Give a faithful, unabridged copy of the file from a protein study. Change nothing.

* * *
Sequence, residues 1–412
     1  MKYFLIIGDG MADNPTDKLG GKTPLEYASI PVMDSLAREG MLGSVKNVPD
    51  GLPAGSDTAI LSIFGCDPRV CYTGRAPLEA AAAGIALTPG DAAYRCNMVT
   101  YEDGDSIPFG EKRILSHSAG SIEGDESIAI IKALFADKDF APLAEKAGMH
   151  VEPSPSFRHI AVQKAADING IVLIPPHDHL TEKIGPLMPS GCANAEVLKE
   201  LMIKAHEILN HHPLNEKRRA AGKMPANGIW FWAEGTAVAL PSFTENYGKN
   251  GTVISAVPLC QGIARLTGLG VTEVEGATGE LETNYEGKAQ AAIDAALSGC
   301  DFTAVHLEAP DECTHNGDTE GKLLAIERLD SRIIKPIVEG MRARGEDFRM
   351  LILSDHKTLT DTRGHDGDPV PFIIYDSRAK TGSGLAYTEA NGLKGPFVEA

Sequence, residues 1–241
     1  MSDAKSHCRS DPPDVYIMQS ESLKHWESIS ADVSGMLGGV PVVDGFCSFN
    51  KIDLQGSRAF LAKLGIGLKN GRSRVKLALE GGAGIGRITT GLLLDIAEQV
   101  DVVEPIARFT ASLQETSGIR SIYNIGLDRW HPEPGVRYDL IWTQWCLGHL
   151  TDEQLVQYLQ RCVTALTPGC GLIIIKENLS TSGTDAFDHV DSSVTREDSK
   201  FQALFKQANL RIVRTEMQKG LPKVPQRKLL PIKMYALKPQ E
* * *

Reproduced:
Sequence, residues 1–412
     1  MKYFLIIGDG MADNPTDKLG GKTPLEYASI PVMDSLAREG MLGSVKNVPD
    51  GLPAGSDTAI LSIFGCDPRV CYTGRAPLEA AAAGIALTPG DAAYRCNMVT
   101  YEDGDSIPFG EKRILSHSAG SIEGDESIAI IKALFADKDF APLAEKAGMH
   151  VEPSPSFRHI AVQKAADING IVLIPPHDHL TEKIGPLMPS GCANAEVLKE
   201  LMIKAHEILN HHPLNEKRRA AGKMPANGIW FWAEGTAVAL PSFTENYGKN
   251  GTVISAVPLC QGIARLTGLG VTEVEGATGE LETNYEGKAQ AAIDAALSGC
   301  DFTAVHLEAP DECTHNGDTE GKLLAIERLD SRIIKPIVEG MRARGEDFRM
   351  LILSDHKTLT DTRGHDGDPV PFIIYDSRAK TGSGLAYTEA NGLKGPFVEA

Sequence, residues 1–241
     1  MSDAKSHCRS DPPDVYIMQS ESLKHWESIS ADVSGMLGGV PVVDGFCSFN
    51  KIDLQGSRAF LAKLGIGLKN GRSRVKLALE GGAGIGRITT GLLLDIAEQV
   101  DVVEPIARFT ASLQETSGIR SIYNIGLDRW HPEPGVRYDL IWTQWCLGHL
   151  TDEQLVQYLQ RCVTALTPGC GLIIIKENLS TSGTDAFDHV DSSVTREDSK
   201  FQALFKQANL RIVRTEMQKG LPKVPQRKLL PIKMYALKPQ E